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Wet phases in tropical southern Africa during the last glacial period

Abstract : A 45,000-year high-resolution sedimentary record from Lake Masoko in Tanzania shows the climate in this part of East Africa to have been characterized by a short and less severe dry season during the Last Glacial Maximum. Moisture and lake-level proxies, pollen assemblages and magnetic susceptibility, indicate that rainfall in the Masoko area was strongly controlled by low-latitude insolation (i.e., precessional forcing). Such observations contrast with the climatic patterns previously reconstructed in East Africa for the last glacial. Indeed, widespread dry conditions are generally observed and are attributed to the predominant control of high latitude glacial forcing over insolation forcing on the tropical hydrology. However, during the Younger Dryas cold event, out of phase with regional insolation behaviour, wetter conditions prevailed in this area, suggesting that the rainfall belt over Africa was probably shifted to the South, bringing moisture to the southernmost tropics.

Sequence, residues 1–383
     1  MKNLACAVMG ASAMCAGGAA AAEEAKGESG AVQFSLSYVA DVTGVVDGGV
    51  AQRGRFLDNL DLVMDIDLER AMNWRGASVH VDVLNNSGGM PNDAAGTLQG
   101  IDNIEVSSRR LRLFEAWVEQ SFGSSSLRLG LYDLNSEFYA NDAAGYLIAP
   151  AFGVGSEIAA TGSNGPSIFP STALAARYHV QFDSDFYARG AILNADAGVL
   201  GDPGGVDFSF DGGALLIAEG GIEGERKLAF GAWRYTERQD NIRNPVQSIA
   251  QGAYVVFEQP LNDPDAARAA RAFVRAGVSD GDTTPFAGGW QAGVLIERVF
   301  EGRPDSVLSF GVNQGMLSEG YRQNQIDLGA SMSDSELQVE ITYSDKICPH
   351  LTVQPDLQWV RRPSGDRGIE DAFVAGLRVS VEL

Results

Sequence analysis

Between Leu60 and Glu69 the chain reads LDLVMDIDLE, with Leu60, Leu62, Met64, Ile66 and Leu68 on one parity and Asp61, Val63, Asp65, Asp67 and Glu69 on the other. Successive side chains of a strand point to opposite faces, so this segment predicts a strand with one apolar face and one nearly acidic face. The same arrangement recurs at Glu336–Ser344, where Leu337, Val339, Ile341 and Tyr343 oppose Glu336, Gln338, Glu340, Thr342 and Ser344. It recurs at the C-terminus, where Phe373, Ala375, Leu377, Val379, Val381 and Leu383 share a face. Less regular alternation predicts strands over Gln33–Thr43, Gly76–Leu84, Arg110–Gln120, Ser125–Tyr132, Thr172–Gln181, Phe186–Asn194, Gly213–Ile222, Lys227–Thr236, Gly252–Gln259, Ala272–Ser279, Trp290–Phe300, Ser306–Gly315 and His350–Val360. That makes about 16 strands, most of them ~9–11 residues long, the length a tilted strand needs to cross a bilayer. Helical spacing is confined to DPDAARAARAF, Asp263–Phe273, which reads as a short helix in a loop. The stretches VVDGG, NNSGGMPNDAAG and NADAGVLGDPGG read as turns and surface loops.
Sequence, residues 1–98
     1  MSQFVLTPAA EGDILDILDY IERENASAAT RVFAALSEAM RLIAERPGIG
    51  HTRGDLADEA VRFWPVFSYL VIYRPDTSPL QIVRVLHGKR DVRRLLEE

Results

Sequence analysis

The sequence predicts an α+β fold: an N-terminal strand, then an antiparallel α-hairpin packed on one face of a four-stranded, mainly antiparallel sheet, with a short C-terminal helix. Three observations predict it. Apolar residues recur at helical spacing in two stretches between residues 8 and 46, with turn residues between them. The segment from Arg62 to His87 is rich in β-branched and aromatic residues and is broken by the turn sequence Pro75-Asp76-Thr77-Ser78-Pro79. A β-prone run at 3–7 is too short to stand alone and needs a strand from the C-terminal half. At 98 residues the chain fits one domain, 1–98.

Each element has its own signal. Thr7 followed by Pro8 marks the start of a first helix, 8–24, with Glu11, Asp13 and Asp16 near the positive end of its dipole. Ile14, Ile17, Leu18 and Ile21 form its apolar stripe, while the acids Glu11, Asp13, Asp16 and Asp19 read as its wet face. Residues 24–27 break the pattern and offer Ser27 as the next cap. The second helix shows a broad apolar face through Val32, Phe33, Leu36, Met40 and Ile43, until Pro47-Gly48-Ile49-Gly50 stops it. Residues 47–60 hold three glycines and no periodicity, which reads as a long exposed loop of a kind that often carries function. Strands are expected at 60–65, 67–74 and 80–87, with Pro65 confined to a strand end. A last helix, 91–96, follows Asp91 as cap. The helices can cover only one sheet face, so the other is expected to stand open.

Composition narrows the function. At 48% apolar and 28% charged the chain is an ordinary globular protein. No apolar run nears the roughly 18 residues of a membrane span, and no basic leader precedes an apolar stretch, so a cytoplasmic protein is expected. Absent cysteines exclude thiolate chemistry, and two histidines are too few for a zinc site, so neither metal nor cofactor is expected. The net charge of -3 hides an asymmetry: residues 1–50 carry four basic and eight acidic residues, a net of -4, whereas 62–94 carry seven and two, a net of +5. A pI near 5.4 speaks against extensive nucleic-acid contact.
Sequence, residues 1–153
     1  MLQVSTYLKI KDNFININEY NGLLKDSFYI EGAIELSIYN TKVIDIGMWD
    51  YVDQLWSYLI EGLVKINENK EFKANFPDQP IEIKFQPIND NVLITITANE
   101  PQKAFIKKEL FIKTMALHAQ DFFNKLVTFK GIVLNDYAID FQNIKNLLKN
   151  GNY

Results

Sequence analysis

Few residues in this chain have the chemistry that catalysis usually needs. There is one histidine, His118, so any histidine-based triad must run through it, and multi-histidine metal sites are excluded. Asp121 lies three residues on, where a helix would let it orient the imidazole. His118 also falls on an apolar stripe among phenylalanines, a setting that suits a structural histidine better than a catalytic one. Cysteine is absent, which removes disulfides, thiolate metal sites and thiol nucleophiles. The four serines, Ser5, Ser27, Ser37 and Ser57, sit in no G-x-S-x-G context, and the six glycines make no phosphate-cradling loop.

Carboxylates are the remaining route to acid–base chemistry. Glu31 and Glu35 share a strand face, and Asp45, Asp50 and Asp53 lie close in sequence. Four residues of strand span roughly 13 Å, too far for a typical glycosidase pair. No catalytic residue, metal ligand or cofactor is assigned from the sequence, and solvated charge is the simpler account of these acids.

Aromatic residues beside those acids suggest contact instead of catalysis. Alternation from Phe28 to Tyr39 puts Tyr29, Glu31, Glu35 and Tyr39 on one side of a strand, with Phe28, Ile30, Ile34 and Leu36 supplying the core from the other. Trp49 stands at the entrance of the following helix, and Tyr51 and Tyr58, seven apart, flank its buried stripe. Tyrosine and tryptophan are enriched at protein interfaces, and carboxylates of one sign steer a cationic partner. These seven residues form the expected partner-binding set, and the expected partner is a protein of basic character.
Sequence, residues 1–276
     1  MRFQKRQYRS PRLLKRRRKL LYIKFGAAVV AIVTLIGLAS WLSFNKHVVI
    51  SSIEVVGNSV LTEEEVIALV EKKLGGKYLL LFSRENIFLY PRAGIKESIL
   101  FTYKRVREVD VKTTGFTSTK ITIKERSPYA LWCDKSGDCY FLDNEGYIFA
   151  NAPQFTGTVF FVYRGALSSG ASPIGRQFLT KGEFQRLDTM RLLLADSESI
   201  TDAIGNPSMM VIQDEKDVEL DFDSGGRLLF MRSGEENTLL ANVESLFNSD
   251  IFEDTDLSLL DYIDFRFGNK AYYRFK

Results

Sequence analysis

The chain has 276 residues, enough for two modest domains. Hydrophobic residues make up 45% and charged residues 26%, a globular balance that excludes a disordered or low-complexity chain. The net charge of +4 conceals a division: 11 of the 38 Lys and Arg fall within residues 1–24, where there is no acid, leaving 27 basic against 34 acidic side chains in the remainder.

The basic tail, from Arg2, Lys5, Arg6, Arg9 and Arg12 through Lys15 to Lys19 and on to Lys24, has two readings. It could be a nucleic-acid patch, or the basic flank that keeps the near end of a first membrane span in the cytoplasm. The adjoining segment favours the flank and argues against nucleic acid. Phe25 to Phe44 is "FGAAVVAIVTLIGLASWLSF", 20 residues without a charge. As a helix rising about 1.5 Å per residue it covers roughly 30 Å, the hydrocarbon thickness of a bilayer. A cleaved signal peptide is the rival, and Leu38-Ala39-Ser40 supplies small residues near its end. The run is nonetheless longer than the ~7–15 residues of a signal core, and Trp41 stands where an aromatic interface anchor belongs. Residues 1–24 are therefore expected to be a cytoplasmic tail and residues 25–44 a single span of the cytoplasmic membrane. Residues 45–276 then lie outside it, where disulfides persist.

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Contributor : Joel Guiot <>
Submitted on : Monday, February 6, 2017 - 3:19:56 PM
Last modification on : Tuesday, December 8, 2020 - 4:48:02 PM

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D Williamson, Joel Guiot, G Buchet, Y Garcin, A Vincens. Wet phases in tropical southern Africa during the last glacial period. Geophysical Research Letters, American Geophysical Union, 2006, 33 (7), ⟨10.1029/2005GL025531⟩. ⟨hal-01457691⟩



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